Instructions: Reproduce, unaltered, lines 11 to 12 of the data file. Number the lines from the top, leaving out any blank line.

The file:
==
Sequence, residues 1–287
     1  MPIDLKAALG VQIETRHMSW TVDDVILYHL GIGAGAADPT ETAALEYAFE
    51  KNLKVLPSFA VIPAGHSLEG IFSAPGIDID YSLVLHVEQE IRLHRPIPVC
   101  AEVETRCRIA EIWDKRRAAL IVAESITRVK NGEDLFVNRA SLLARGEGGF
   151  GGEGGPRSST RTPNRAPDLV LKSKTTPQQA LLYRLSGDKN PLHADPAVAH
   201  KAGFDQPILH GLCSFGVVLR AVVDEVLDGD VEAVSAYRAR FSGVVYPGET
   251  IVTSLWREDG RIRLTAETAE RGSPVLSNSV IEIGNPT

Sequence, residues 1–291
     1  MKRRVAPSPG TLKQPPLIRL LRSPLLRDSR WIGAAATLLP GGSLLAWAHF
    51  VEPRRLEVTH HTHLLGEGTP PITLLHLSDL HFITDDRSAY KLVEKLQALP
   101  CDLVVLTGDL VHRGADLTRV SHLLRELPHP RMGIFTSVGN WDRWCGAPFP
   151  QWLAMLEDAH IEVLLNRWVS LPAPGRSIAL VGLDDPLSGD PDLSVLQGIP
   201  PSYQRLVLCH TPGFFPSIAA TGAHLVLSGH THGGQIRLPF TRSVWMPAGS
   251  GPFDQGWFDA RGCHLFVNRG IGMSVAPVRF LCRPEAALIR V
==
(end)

   101  CDLVVLTGDL VHRGADLTRV SHLLRELPHP RMGIFTSVGN WDRWCGAPFP
   151  QWLAMLEDAH IEVLLNRWVS LPAPGRSIAL VGLDDPLSGD PDLSVLQGIP